industrial, or medical purposes.
Capability—the ability to produce or apply a particular set of  scientific techniques or technologies.
Catalyst—a substance that affects the rate of  a chemical reaction but remains itself  unaltered in form 
or amount.
Cell culture—the propagation of  cells removed from a plant or animal in culture.
Cell fusion—combining nuclei and cytoplasm from two or more different cells to form a single hybrid 
Central Committee—Central Committee of  the Communist Party of  the Soviet Union.
Clone—a group of  genetically identical cells or organisms asexually descended from a common 
ancestor. In case of  a cloned organism, all cells making up that organism have the same genetic 
material and are exact copies of  the original.
Cloning—the use of  genetic engineering to produce multiple copies of  a single gene or a segment of  
Contagion—the transmission of  a pathogen from an infected person to an uninfected person by 
direct or indirect contact. For BW purposes, the major contagious pathogens are smallpox virus and 
Y. pestis.
Culture—the growth of  cells or microorganisms in a controlled artificial environment.
Culture, batch—a fermentation process that takes place within a fermenter, which is a closed culture 
system that contains an initial, limited amount of  nutrients. After seeding the culture with a few 

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microorganism of  choice, they are allowed to propagate until a vital nutrient is used up or waste 
products accumulate to such an extent that they negatively affect the growing microorganisms. After 
the fermentation ceases, the culture is removed from the fermenter and the microorganisms (biomass) 
are separated from the liquid culture medium. If  the biomass is the desired product, it is formulated. 
If  the bioproduct dissolved in the culture medium is the desired product, it is subjected to down-
stream processing.
Culture, continuous—this is an open fermentation system in which a steady-state is achieved by 
adding nutrients continuously to the culture and balancing the added material by removing cells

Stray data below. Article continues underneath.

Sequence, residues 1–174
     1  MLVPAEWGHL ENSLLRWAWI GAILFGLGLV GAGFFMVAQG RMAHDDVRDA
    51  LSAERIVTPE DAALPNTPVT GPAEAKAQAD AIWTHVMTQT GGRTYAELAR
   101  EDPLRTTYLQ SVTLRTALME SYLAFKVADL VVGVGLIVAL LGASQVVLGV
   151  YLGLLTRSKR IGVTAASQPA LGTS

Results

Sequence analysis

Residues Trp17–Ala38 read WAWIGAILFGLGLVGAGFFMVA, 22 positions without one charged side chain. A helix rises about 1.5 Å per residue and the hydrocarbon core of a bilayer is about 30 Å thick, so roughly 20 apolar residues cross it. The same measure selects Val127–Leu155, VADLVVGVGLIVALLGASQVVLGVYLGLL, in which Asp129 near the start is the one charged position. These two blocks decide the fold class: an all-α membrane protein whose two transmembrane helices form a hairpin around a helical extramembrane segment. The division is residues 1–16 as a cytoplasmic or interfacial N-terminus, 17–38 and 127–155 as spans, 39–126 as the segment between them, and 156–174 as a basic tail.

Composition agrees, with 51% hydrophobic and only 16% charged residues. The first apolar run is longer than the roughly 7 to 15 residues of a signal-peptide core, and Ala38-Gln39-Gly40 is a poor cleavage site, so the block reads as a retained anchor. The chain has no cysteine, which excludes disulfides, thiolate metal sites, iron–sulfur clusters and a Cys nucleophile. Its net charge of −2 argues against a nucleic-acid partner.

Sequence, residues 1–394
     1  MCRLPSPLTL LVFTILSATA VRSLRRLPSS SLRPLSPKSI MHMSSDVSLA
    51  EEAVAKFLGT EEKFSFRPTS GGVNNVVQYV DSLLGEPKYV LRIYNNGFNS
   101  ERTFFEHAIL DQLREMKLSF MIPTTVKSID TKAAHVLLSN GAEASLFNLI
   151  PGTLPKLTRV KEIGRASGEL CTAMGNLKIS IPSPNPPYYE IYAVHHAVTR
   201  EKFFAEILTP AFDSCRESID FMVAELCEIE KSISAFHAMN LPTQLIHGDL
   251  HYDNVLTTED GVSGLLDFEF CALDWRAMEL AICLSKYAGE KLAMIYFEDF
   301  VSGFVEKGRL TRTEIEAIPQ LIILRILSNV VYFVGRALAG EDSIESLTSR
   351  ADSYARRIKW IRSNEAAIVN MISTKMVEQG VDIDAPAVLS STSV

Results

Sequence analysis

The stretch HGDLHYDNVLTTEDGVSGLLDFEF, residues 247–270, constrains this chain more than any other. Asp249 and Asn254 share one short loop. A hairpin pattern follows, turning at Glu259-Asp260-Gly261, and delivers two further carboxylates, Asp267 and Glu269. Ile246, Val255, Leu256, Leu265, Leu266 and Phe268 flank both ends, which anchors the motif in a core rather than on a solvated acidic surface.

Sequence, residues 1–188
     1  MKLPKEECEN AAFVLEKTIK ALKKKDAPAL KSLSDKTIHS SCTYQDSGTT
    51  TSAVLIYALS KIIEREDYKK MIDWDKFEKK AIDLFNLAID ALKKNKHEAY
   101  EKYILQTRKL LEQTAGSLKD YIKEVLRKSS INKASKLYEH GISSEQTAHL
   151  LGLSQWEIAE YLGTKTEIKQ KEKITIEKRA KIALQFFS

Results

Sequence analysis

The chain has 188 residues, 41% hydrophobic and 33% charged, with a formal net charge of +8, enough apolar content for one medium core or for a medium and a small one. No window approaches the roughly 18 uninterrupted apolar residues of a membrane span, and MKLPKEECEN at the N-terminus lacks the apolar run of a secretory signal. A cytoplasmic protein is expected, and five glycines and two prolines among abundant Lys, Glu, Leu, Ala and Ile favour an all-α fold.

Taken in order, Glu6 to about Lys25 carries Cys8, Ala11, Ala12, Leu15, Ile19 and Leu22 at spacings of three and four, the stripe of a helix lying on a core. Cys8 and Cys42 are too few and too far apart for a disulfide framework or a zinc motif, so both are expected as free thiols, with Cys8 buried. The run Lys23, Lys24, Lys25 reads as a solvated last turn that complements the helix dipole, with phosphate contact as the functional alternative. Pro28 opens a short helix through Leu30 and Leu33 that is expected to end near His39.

constituting the biomass.
Cytokine—proteins, such as lymphokines and monokines, which are released by a host’s immunodefense 
system (primarily primed T-lymphocytes) when it detects an antigen. Cytokines, while part of  the 
immune defensive response to invaders, may also stimulate toxic or damaging actions to the host that 
produces them.
Database—a collection of  data, defined for one or more applications, which is physically located and 
maintained within one or more electronic computers.
Development—progressive advance from a lower or simpler to a higher or more complex form; the 
process of  applying scientific and technical knowledge to the practical realization or enhancement of  
a specific product or capability.
DNA—deoxyribonucleic acid; the carrier of  genetic information found in all living organisms (except 
for a small group of  RNA viruses). Every inherited characteristic is coded somewhere in an organism’s 
complement of  DNA.
Enzyme—a special protein produced by cells that catalyze chemical processes of  life.
Enzyme-linked immunosorbent assay (ELISA)—a rapid and sensitive means for identifying and 
quantifying small amounts of  virus antigens or antiviral antibodies.
Escherichia coli (E. coli)—a species of  bacteria that commonly inhabits the human lower intestine and 
the intestinal tract of  most other vertebrates as well. Some strains are pathogenic, causing urinary tract 
infections and diarrheal diseases. Non-pathogenic strains are often used in laboratory experiments.
Expression—the translation of  a gene’s DNA sequence by RNA into protein.
Ferment—Codeword for the Soviet BW program that aimed to R&D bacterial and viral pathogens to 
harm and kill humans (in English – Enzyme).
Fermentation—the anaerobic bioprocess in which yeasts, bacteria, or molds are grown, or propagated, 

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within a closed container for one of  three purposes; to optimize: (1) maximum biomass production; (2) 
maximal production of  by-products such as alcohols, antibiotics, organic acids, and proteins (including 
toxins); or (3) maximum nutrient consumption as in waste treatment. There are two fermentation 
methods—batch and continuous culture (see above).
Five-year Plans:
First 5-year Plan, 1928-32
Second 5-year Plan, 1933-37
Third 5-year Plan, 1938-41
Fourth and Fifth 5-year Plans, 1946-50 and 1951-55
Sixth 5-year Plan, 1956-60
Seventh 5-year Plan, 1959-65
Eighth 5-year Plan, 1966-70
Ninth 5-year Plan, 1971-75
Tenth 5-year Plan, 1976-81
Eleventh 5-year Plan, 1981-85
Twelfth 5-year Plan 1986-90
Thirteenth 5-year Plan 1991
Fraction—a chemical agent or compound that may be separated out by chemical or physical methods 
from a solvent containing a mix of  substances.
Fungus—the majority of  fungi are made up by yeasts and mold, but also include mushrooms, rusts, 
and smuts. Yeasts are fungi that usually remain unicellular for most of  their life cycle and belong to 
the fungal families, ascomycetes, basidiomycetes, and imperfect fungi. Mold represents a large group 
of  fungi, such as Penicillium, which grows on food.
Gene—the fundamental unit of  heredity. Chemically a gene consists of  ordered nucleotides that code 
for a specific product or control a specific function.
Gene splicing—the use of  site-specific enzymes that cleave and reform chemical bonds in DNA to